Why innovation keeps businesses thriving
Product, service and workflow innovation can elevate a business to new levels, but does that really mean having to constantly invent something new?
By Tilly Farrands
Consumers’ needs constantly change, and so does the environment we live in, so it’s vital that businesses stay relevant by responding to these fluctuations. Added to this, the market is full of products that look like each other, so it’s also necessary to differentiate your offering to the rest. This is where we see the most innovative businesses consistently show themselves to be the more successful ones.
Innovation increases chances of success – but it doesn’t guarantee it, so you need to also make sure you’re the best option in your field and educate your customers on why that is.
What does ‘innovation’ really mean?
Innovation is often associated with the most advanced and leading brands, so you might be asking yourself ‘is innovation even necessary for me?’ Particularly if you aren’t in a technological sphere.
There’s also a common belief that innovation means ‘groundbreakingly new’. But if that were true, then, taking Apple, one of the most advanced brands of our time – their airpods wouldn’t be considered ‘innovative’ – they’re just earphones afterall. They are, however, an improvement on our existing technology.
If you take a look at much of our industries and companies that are considered the most innovative, it’s actually ‘incremental innovation’ they’re taking part in. The creation of an existing item in a new way. It could be new in presentation or process, and often it’s only new to the customer, as it usually already exists in a market. It doesn’t have to be drastic, it just needs to differentiate you. It’s not just for the tech industry either – the food industry has been incrementally innovating for years.
Why innovation works
Innovation creates new opportunities and allows you to stay in demand, stopping your product becoming irrelevant compared with the other options in the market.
Incremental innovation is the most important tool to fulfill customer needs and stay profitable. Take a look at Woolworths. A few years ago they were a highstreet giant, but they failed to make important incremental changes that would have guaranteed longevity. Their biggest failure was neglecting the demand for online purchasing, ultimately leading to their downfall.
More recently, the Coronavirus pandemic created an urgent need for those with previously low requirements to be accessible online. Many of these being indie retailers, restaurants and others relying mostly on footfall for survival. Countless businesses were pushed to find more innovative ways of meeting buyers and trading, and they needed to act fast.
However, it is vital you understand your customers needs first. How you innovate has to fit these, so you don’t waste resources on the wrong areas, running down capital without seeing profit.
The theory of innovation
The theory behind innovation is also incredibly useful for businesses, allowing them to visually see where they’re failing to innovate. The four Ps of innovation all focus on different areas of business: product, process, position and paradigm, creating defined areas of focus in order to create a well rounded and needed business. The space then creates a visual, such as the one to the left, mapping them onto a chart to see where they are lacking in innovation.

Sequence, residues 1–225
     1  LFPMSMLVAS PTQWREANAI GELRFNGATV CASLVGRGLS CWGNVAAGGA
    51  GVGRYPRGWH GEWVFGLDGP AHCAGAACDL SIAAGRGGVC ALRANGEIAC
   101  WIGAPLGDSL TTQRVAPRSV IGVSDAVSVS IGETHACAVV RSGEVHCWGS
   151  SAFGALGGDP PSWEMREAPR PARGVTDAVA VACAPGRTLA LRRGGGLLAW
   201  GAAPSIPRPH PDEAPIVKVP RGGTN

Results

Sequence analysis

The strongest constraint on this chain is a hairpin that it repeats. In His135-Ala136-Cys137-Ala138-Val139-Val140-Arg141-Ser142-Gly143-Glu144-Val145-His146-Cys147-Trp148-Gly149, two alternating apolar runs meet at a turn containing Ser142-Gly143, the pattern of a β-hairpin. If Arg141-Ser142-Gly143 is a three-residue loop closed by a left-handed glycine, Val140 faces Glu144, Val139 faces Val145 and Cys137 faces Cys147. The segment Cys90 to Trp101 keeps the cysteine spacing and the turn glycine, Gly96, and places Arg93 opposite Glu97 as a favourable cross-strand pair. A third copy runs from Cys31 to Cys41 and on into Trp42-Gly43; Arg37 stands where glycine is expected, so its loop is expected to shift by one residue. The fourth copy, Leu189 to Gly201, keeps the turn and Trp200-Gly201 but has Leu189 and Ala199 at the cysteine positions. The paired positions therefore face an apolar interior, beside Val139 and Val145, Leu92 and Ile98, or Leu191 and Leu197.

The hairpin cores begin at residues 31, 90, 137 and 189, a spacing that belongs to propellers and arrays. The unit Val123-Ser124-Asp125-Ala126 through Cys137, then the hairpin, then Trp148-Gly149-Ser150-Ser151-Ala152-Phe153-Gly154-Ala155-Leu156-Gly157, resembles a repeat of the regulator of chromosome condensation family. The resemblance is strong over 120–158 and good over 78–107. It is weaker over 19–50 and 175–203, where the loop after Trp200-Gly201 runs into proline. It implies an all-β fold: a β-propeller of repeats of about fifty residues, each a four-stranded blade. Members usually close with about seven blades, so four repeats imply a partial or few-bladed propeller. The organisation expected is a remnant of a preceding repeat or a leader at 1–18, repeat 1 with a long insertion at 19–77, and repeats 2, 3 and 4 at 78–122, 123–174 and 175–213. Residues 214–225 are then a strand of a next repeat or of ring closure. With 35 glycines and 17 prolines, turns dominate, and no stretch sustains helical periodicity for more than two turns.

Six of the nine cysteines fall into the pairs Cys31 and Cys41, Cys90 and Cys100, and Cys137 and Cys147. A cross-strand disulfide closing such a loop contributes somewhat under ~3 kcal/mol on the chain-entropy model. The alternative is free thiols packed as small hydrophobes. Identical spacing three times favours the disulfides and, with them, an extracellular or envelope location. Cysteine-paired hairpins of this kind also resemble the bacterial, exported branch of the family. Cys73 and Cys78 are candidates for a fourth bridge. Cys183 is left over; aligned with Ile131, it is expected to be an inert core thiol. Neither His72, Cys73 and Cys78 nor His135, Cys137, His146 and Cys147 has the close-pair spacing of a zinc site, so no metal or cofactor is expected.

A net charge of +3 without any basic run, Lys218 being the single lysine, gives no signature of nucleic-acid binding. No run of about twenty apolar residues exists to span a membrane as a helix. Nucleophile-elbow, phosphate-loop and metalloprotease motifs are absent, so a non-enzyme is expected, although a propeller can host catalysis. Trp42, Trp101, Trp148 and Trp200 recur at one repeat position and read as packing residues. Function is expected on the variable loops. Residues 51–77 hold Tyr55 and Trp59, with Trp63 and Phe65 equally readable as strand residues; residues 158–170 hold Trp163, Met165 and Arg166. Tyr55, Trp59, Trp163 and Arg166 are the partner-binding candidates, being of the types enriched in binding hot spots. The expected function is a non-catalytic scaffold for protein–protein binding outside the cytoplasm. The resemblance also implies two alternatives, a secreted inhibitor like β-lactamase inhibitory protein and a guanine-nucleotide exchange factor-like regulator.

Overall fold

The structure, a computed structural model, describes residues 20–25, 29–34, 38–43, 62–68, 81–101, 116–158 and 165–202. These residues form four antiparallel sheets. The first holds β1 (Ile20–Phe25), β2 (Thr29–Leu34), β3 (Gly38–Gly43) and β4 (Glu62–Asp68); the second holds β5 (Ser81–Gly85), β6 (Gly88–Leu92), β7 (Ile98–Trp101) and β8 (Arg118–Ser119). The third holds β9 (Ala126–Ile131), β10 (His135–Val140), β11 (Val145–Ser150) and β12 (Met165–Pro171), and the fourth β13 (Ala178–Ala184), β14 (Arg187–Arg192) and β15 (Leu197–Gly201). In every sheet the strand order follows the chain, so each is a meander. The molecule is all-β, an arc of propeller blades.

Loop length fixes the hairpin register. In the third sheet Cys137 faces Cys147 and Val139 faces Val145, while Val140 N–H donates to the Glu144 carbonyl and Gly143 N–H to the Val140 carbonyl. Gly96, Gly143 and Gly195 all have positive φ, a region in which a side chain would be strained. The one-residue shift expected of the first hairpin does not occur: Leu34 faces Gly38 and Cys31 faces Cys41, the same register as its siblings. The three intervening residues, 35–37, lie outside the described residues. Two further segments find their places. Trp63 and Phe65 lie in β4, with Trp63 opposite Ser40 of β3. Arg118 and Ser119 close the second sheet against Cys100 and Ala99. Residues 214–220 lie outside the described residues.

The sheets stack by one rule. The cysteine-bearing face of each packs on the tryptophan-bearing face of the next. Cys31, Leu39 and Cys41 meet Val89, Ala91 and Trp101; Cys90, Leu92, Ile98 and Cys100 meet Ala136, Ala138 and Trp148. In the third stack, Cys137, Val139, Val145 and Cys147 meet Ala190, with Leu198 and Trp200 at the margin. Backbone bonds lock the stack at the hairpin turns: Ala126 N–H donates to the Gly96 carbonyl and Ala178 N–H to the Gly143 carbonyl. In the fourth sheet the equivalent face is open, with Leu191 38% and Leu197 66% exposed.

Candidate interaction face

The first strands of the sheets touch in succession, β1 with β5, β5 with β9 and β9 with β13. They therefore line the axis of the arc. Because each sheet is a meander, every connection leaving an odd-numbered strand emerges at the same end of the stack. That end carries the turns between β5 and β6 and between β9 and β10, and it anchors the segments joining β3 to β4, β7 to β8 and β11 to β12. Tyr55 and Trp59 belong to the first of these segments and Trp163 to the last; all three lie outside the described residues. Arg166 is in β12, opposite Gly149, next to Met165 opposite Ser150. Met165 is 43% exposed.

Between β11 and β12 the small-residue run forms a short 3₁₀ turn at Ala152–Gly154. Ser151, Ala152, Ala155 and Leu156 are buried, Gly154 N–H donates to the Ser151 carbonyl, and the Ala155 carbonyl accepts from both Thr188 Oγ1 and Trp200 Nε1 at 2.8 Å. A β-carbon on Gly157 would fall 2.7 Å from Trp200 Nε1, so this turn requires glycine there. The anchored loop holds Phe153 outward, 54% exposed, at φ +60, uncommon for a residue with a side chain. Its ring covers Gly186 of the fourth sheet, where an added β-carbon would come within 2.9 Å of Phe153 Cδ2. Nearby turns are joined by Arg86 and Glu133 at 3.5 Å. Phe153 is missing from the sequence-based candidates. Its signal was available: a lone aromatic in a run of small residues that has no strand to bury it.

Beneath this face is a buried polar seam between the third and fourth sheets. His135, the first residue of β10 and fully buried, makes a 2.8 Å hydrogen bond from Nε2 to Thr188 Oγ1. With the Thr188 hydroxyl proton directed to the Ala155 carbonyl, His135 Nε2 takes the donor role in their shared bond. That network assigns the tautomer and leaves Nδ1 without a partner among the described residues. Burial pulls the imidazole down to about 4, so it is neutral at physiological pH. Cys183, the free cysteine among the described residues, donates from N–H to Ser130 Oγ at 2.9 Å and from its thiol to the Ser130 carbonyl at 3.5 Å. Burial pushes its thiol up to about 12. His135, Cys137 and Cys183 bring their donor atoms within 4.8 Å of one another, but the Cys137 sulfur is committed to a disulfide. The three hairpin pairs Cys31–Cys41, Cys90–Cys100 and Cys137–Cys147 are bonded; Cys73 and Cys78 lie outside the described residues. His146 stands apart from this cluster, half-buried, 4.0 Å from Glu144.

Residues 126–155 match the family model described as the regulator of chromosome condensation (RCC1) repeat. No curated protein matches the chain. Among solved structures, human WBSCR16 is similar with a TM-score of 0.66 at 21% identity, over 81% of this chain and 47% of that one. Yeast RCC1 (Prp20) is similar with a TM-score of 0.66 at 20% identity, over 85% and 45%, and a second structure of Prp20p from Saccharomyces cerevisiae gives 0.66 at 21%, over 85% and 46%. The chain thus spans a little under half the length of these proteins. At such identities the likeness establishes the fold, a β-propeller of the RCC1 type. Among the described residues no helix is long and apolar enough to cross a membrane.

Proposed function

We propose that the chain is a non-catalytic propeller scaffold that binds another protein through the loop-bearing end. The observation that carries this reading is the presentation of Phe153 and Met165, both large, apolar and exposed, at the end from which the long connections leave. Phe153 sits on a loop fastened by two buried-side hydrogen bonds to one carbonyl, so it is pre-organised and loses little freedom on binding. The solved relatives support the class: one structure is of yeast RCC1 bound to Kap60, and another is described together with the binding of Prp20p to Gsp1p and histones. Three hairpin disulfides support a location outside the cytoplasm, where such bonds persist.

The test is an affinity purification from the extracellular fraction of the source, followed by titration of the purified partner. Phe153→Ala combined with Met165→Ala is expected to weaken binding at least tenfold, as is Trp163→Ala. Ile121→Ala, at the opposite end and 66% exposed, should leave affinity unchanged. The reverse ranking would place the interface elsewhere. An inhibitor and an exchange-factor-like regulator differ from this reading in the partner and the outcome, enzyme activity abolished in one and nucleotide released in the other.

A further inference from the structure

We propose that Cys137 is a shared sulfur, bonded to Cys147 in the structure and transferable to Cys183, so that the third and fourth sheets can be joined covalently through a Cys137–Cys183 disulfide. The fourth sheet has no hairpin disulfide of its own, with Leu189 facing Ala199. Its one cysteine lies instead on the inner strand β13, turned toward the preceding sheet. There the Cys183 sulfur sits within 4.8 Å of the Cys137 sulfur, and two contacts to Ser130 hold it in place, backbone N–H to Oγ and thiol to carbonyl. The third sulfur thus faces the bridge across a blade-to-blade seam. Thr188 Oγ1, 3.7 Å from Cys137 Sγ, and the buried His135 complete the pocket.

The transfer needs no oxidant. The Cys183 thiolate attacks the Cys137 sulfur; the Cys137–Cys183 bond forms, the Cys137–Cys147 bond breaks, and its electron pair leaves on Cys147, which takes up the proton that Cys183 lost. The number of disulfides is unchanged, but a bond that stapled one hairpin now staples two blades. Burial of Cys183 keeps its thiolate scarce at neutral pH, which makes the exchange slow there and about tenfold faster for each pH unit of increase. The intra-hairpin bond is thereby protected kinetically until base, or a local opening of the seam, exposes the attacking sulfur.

Open innovation is increasingly important in expanding the understanding of your areas. Sharing knowledge with other businesses, as well as learning new things from universities and other cutting edge enterprises.
Innovation can even be applied to your marketing, creating new and engaging ways for customers to interact with you. Your marketing should make you look enticing and unmissable and reach as many people as possible, something which requires constant updating and refining to achieve. Pret mastered this during the pandemic, reaching a wide audience on a new platform through online challenges and hashtags.
Even your website should be innovative, giving consumers a stand out experience on a platform that makes them want to explore more and come back again. You really want to stay away from web platforms that are merely replicas of everything else out there.
Elon Musk – not really groundbreaking
Elon Musk is arguably the most innovative entrepreneur of recent years. Yet many of his greatest achievements haven’t been radically new, just better. Electric cars already existed before Tesla, but Tesla made them popular, rockets existed before SpaceX, but now they’re commercial and so on. He is the perfect example of how innovation doesn’t have to be groundbreaking to be effective. Furthermore, the reason Tesla continues to be so successful is that they’re constantly updating. Their new models of car are a blend of recent trends and customers’ wants, and this way they manage to sustain a demand for their cars, bringing in big money for Musk, and making him look highly innovative at the same time.
Innovation is more about progression than being radical
Effective innovation simply means companies adapt to their customer needs – this way, they stay relevant and gain new knowledge. So if you thought innovation was for the radical then think again. As long as you listen to customer needs and allow time to capitalise on income then it will boost your business into being more successful than ever.
Written by Tilly Farrands, Sales and Events Coordinator at Phlashweb
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